Eric G. Bing, MD, PhD, MBA, Kimberly Allison, MD, and John Nkengasong, PhD, will share their expertise at Advancing Patient-Centered Care for Women Across Our Globe: The Laboratory is Part of the Puzzle on Nov. 1. Using breast cancer as a case study, the session focuses on the challenges of defining and delivering patient-centered care to women in different settings across the globe. How do practitioners use the knowledge and tools available to provide the best outcomes for patients, while keeping ever mindful of the patient as a person? The critical roles that pathology and laboratory medicine play in breast cancer diagnosis, management and therapy, present multiple opportunities to deliver quality patient-centered care. Editor’s note: See the interview with Dr. Allison in this issue of ASCP eNews Briefs.

Gene P. Siegal, MD, PhD, FASCP, and Shi Wei, MD, PhD, FASCP, present Small Cell Tumors of Bone: From Clinical Demographics to Molecular Pathology on Nov. 1 and introduce the broad range of small, blue, round cell tumors of bone and how a pathologist utilizes the gross, histopathologic, ultrastructural, cytogenetic, and molecular genetic evidence to reach a diagnosis. Topics to be covered range from neuroblastoma in bone, through Ewing's/PNET and small cell osteosarcoma, to plasmacytoma and metastatic neoplasms.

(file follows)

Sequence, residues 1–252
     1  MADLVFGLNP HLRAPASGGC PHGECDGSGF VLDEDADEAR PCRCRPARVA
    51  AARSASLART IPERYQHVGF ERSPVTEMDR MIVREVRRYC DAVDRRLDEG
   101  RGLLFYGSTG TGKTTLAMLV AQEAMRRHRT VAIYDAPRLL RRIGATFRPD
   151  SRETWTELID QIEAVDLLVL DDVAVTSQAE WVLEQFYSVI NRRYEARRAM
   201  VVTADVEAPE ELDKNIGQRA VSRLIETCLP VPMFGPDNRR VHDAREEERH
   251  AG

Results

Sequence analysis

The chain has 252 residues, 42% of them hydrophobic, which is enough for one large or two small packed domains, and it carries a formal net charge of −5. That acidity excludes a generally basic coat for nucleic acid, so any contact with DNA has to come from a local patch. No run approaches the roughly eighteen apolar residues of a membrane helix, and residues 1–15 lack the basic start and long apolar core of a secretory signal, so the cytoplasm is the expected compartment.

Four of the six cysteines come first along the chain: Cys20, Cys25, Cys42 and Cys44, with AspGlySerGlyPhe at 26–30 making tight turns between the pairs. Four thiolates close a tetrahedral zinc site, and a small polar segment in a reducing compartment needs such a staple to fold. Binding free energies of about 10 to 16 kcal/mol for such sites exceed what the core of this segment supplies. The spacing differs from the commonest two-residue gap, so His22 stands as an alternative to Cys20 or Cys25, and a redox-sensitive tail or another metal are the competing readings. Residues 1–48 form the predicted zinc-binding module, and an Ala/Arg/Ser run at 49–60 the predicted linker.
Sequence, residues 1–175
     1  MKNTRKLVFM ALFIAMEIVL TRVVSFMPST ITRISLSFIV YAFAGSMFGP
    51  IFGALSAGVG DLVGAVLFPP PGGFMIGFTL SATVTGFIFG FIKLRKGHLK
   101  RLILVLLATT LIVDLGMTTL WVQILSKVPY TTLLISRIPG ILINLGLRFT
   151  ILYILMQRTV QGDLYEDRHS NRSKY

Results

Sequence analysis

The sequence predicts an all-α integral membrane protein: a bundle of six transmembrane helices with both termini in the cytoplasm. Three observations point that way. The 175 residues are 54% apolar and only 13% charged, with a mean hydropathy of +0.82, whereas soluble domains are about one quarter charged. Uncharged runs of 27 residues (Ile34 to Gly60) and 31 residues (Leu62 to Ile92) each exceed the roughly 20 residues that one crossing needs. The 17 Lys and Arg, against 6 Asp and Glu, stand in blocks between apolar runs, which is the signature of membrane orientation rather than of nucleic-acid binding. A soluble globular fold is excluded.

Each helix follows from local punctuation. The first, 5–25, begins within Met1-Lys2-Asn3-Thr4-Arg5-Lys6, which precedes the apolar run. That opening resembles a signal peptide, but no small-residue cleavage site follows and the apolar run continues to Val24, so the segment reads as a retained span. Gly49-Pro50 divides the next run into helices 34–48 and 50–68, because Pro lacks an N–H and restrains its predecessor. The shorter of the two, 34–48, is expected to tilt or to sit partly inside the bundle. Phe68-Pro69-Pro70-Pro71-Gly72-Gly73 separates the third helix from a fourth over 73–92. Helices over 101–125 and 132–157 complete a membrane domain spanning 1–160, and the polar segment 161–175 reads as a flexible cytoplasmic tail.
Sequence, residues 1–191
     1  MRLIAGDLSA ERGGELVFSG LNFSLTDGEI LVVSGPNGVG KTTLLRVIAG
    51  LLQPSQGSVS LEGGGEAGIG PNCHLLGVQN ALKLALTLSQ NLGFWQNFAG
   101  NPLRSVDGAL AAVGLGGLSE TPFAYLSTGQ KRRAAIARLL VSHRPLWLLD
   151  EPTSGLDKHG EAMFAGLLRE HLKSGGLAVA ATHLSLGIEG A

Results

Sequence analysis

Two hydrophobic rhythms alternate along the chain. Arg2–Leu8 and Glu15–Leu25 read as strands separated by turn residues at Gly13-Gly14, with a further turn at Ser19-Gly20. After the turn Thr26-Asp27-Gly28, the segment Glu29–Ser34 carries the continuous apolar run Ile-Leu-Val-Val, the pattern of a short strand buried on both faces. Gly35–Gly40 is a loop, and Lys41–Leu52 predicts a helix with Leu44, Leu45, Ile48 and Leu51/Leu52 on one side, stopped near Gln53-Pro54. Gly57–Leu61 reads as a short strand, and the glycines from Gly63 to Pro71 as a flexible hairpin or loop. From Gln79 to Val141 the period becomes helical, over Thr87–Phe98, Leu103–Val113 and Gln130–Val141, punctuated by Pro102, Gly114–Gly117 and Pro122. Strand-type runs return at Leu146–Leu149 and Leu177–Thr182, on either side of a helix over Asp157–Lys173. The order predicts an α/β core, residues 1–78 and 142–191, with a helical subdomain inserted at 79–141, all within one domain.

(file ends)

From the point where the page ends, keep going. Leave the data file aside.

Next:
Resident Review Courses including Transfusion Medicine & Medical Microbiology on Nov. 1, Hematopathology & Cytopathology on Nov. 2, and Chemistry, Laboratory Administration & Hematology on Nov. 3 focus on key topics important for residents as they prepare for the American Board of Pathology examination.

Delivering a First Class Presentation: Effective Use of Power Point and Principles of Public Speaking presented by Elizabeth M. Genega, MD, FASCP, and Richard Haspel, MD, PhD, FASCP, on Oct. 31 is intended for pathologists who use PowerPoint when presenting at medical conferences or national and international education courses and who want to improve their presentation skills and learn to use PowerPoint in a manner that enhances the presentation. The course will involve audience participation in the assessment and modification of suboptimal slides.

The Art of Scientific Writing and Manuscript Review presented by Frank H. Wians, PhD, MT(ASCP), DABCC, FACB, and Steven H. Kroft, MD, FASCP, on Nov. 1 should appeal to both well-published and yet-to-be-published pathologists and laboratory professionals who are interested in learning by an audience participation process about effective writing techniques and the manuscript review process. The presenters will cover manuscript preparation from “Instructions to Authors” to “Response to Reviewer Comments.” Attendees will be encouraged to prepare and submit scientific manuscripts for publication and to volunteer as reviewers.

For more information on the 2012 ASCP Annual Meeting, visit www.ascp.org/2012-annual-meeting/Education.html.